Prior to the mid-seventies many early skateboards were originally based upon the concept of “Sidewalk Surfing” and were tied to the surf culture, skateboards were surfboard like in appearance with little to no graphics located under the bottom of the skateboard-deck. Some of the early manufactured skateboards such as "Roller Derby", the "Duraflex Surfer" and the "Banana board" are characteristic. Some skateboards during that time were manufactured with company logo's or stickers across the top of the deck of the skateboard, as griptape was not initially used for construction. But as skateboarding progressed & evolved, and as artist began to design and add influence to the artwork of skateboards, designs and themes began to change.
Keep in mind how tall you are when choosing a board width. Also consider the kind of style you wish to skate. Most technical skaters (the ones who incorporate advanced flip tricks... like Rodney Mullen) tend to favor boards between 7.5 and 7.75 regardless of how tall or small they happen to be. The upper hand of having a thin board allows for quick rotation. The other side of the spectrum is the "go big" skaters (Jamie Thomas is a classic example of a "go big" guy). Most "go big" guys favor size 8.0 and up. The advantage of a wide heavy board feels more stable under your feet while in mid air and while landing (especially those who have big feet). If your a kid you might want to just stick with a 7.66 or smaller.
The core of the skateboard trucks is extremely lightweight, compared to the other skateboards we listed. They still sport a heavy-duty aluminum, but their initial design helps the skateboard be lighter and easier to pivot. It also arrives un-assembled which allows for the adult or child to have a sense of accomplishment when they put the board together. You will also be able to customize it to your heart’s content!
This period was fueled by skateboard companies that were run by skateboarders. The focus was initially on vert ramp skateboarding. The invention of the no-hands aerial (later known as the ollie) by Alan Gelfand in Florida in 1976, and the almost parallel development of the grabbed aerial by George Orton and Tony Alva in California, made it possible for skaters to perform airs on vertical ramps. While this wave of skateboarding was sparked by commercialized vert ramp skating, a majority of people who skateboarded during this period didn't ride vert ramps. As most people could not afford to build vert ramps, or did not have access to nearby ramps, street skating increased in popularity.
Aside from keeping the more fashion-oriented side of skateboarding placated with ultrasoft crewnecks and clean 6 panel caps, Dime keeps the side of skating focused on actual footage and hijinks fed through their Instagram and Snapchat accounts (@dimemtl), where they post their day-to-day in Montreal doing what skateboarders do best: having fun with their friends.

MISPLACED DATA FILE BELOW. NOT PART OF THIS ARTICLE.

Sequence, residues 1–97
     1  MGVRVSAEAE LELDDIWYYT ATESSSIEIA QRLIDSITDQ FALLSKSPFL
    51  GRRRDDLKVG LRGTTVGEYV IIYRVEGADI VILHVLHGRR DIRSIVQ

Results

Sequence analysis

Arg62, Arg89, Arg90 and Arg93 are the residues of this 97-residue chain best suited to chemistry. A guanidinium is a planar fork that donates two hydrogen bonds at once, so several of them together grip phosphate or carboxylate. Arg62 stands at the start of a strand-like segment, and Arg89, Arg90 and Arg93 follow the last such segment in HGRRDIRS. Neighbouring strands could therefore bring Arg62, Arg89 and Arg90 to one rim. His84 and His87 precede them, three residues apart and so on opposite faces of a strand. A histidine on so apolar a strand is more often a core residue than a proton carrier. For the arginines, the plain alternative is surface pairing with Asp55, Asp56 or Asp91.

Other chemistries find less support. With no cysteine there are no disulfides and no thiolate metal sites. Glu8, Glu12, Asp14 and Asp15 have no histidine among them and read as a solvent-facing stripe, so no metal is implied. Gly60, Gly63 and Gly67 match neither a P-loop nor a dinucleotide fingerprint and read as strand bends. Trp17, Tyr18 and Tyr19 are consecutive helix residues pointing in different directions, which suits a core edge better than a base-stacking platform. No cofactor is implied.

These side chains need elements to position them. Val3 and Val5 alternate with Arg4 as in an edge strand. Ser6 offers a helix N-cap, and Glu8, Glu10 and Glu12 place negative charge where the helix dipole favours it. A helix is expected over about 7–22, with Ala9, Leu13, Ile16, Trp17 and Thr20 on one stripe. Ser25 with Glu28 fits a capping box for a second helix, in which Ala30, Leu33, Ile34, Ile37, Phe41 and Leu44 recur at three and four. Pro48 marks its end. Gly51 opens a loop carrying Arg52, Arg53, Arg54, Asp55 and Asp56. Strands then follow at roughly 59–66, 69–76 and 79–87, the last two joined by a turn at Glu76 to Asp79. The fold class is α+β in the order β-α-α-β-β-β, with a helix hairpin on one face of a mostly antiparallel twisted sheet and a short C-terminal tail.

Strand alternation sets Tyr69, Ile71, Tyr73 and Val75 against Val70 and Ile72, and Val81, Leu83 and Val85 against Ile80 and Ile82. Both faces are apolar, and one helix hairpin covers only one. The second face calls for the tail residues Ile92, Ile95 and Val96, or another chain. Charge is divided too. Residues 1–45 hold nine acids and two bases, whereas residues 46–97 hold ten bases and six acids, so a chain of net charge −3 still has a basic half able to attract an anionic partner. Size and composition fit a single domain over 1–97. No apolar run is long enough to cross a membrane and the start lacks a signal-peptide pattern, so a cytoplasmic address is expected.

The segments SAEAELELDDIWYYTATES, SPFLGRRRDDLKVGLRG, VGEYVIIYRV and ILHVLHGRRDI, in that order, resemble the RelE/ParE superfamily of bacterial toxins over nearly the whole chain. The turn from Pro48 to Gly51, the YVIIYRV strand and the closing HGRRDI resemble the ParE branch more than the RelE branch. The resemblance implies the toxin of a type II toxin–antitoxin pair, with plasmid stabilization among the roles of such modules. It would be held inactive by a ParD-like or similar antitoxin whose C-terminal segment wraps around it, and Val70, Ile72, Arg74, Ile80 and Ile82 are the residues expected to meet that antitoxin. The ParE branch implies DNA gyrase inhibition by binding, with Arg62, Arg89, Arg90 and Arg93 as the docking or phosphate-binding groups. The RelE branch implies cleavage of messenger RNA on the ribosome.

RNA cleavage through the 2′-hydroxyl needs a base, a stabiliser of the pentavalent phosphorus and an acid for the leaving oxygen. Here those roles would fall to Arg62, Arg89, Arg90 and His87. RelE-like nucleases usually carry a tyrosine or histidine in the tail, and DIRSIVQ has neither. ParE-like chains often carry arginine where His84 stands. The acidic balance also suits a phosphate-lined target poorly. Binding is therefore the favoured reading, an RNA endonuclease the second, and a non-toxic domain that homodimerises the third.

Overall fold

Girl Skateboards is the foundation of all the other brands under the Crailtap umbrella (Royal Trucks, Chocolate Skateboards, Lakai footwear etc) and was established by Mike Carroll and Rick Howard during a mass exodus of pro skaters from Steve Rocco’s brands (Plan B, Blind, 101, World Industries) reputably inspired after arguments of wheel sales royalties.
The first thing to consider is what kind of skateboarding you want to do. Do you want to skate your local skate park and learn tricks? Do you want something for commuting across town or campus? Or, would you enjoy charging down hills at high speeds? Take a look at the options below and note which features work well for the type of skating you want to do.
Radiate Ride Good Skateboards are made of 7-ply maple construction with epoxy resin glue. It features 356A heat-treated cast aluminum high performance 5.0 trucks with grade 8 kingpins and axles. The super high rebound 99A PU wheels with grooved running surface provide better traction and abrasion resistance. The Abec 5 high precision speed bearings offer precision performance and a smooth ride. It has an 80 grit durable color matched grip tape with transparency. It is completely assembled and ready to go. This product has a 4.3 rating on Amazon.
Make no mistake, not all European skate brands are provincial microcosms. Cliché has one of the most stacked teams in the industry, including the Australian master of pop Andrew Brophy and manual wizard Joey Brezinski. But the real star of the squad is Frenchman Lucas Puig, who has a stellar signature shoe for adidas, and an upcoming line of caps called Hélas that you will undoubtedly be hearing more about in the near future. Team aside, thanks to strong art direction, a prolific video program, and a highly covetable product offering that includes a dope collab with NYC mainstay DQM, Cliché is très ill.
Be sure to purchase from a reputable source. Buying online might save you a few dollars, but try your local skate shop first. The few extra dollars you spend support the shop and your local skate community. Developing a good relationship with a local skate shop often saves you money in the long run. The completes are not as good as custom made, but you can get them for a lot less money and upgrade any bad components later.
Magenta Skateboards are one of only a few mainland European based brand in this list, founded in Paris and currently based in Bordeaux, France. Magenta’s outlook on skateboarding as a cultural phenomenon, and consequently their output in terms of both products and video, is deliberately at odds with the prevailing conception of skateboarding as represented by most major brands.
In an industry as diverse as skateboarding, the sheer number of skateboard brands on the market can be bewildering. With a seemingly never-ending amount of new brands emerging, alongside the numerous pre-existing ones, the market can certainly appear over crowded and confusing at times, which is hopefully where this list of some of our favourite skateboard brands comes in.